Planting in a Post-Wild World with Landscape Designer Claudia West
Walking along New York City’s High Line, it’s easy to think that maybe your own garden could learn a thing or two from the hugely popular native garden. You can easily see how you could fill your own garden with native plants, and your backyard could become a destination for local birds and wildlife. The more you think about it, you feel a bit self-righteous, imagining the space filled with ferns and sedges, bee balm, and joe-pye-weed, providing a more balanced ecosystem.
You let the fantasy play out a bit, thinking that you won’t buy the annuals that you usually buy each year at the local garden center. You imagine the new plants that will fill the spaces where impatiens, begonias, and rose bushes used to be. Then you think of the birds, the butterflies, and the insects that will inhabit your garden space—it’s the oasis you’ve always dreamed of.
And then doubt sinks in. What to plant? Where to plant these new species? How to choose native plants? Does going native mean you have to sacrifice garden aesthetics?
Claudia West, a landscape designer who works as the ecological sales manager at North Creek Nurseries in Landenberg, Pennsylvania, says that it’s easy to shift your garden to a more natural look and incorporate more natural themes to your garden—and it doesn’t have to be overwhelming.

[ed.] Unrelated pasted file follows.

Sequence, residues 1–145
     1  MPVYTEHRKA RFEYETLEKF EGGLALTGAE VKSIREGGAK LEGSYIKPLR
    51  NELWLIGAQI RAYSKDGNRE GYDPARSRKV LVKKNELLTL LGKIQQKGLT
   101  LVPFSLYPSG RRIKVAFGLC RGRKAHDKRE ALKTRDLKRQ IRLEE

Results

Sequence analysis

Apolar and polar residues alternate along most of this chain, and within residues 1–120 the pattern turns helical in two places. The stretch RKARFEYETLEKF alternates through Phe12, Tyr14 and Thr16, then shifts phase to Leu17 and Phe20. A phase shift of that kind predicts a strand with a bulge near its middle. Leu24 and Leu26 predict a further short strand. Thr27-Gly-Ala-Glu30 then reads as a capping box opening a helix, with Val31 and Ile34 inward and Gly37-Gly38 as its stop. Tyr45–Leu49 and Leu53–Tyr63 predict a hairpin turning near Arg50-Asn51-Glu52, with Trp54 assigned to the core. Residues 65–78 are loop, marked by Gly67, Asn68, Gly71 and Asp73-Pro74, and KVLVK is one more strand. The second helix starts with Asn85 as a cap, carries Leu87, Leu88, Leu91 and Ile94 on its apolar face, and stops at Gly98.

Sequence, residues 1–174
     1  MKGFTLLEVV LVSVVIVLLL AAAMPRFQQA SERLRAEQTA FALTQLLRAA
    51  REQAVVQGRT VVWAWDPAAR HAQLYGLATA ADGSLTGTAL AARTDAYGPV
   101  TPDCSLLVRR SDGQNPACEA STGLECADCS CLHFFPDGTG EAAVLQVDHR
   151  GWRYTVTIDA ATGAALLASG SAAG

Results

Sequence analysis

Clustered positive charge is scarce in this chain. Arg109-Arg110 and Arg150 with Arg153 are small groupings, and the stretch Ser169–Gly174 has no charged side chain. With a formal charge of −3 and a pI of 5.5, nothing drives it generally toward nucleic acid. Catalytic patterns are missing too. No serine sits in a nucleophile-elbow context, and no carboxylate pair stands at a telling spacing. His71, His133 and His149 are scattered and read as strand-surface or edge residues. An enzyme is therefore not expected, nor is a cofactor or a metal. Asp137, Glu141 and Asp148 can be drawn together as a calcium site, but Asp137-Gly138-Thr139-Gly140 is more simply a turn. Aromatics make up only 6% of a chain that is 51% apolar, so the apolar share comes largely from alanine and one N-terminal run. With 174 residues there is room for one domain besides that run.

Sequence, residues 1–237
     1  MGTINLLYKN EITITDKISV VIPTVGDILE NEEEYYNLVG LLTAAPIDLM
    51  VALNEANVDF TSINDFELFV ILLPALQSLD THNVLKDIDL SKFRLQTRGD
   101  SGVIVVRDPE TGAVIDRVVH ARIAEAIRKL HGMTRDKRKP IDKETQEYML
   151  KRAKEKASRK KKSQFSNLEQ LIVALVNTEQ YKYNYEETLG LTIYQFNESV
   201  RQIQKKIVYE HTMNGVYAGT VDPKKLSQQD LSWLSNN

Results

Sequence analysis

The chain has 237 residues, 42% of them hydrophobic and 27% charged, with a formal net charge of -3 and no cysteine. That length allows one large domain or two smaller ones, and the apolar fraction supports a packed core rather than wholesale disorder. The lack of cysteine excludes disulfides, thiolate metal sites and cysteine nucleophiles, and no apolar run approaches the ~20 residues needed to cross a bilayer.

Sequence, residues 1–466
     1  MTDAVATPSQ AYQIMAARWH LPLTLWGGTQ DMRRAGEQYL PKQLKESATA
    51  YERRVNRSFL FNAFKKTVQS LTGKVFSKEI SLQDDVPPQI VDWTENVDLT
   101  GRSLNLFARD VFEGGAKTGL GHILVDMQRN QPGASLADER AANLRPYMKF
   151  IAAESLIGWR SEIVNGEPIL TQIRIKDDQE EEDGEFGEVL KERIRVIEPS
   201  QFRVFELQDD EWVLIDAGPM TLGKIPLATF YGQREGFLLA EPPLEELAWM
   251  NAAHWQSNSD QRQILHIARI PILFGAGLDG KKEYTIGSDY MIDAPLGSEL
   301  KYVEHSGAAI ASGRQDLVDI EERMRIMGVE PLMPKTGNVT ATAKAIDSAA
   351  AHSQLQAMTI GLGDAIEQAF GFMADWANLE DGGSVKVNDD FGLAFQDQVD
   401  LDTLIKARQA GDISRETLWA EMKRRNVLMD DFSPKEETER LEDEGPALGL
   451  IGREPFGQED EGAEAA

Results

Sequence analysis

West, the author of Planting in a Post-Wild World (Timber Press, 2015) with Thomas Rainer, will be the speaker at FOW’s Valley Talk at Valley Green Inn on Thursday, May 19, 2016, at 6:00 p.m. The talk will focus on how residential gardens, public gardens, and city gardens can reflect a more natural approach and help increase biodiversity.
Her approach to garden design is “horticulture meets ecology.” West says the consideration of plant types and design, as well as a plant’s ecological value makes, those interested in restoration and native plant purists interested in this method.
Bringing more native plants into the garden, reducing the amount of mulch while adding more plants to reduce weeds, and improving stormwater management can be done on large and small scales, she says.
“Look at your garden with fresh ideas. Loosening your grip on cherished notions of plant arrangement makes it possible to transform our adversarial relationship with nature into a collaborative one,” West advises.
First, look at the spaces that currently exist in the garden. Think of what plants you can use to reduce the amount of mulch you are using in the garden. Planting ground cover can help reduce the need for mulch.
West describes the various layers of plant life that exist in the garden. First, there’s the ground cover layer, which typically consists of grasses or leafy perennials. This layer is extremely important, she says, because it’s important for stormwater management, erosion control, and ground cover, and is essential for plant health. This layer is lower to the ground and adjusts to different levels of sunlight as other plants grow taller throughout the season. Looking at suburban gardens, mulch is overused in this important layer of the garden, she says. It doesn’t give nutrients back to the garden and doesn’t add to the biodiversity.
West says that most traditional landscapes have one or two layers—think of an azalea garden with mulch underneath, or a perennial garden with nothing growing above or below. For a designed plant community, all three layers are needed, mimicking how plants grow in the wild.
“If you have two layers but not the ground cover layer, weeds creep in. If you add this layer, you will have a healthier garden as a result. There’s more habitat and less maintenance.”
By Erin Mooney, FOW Publicist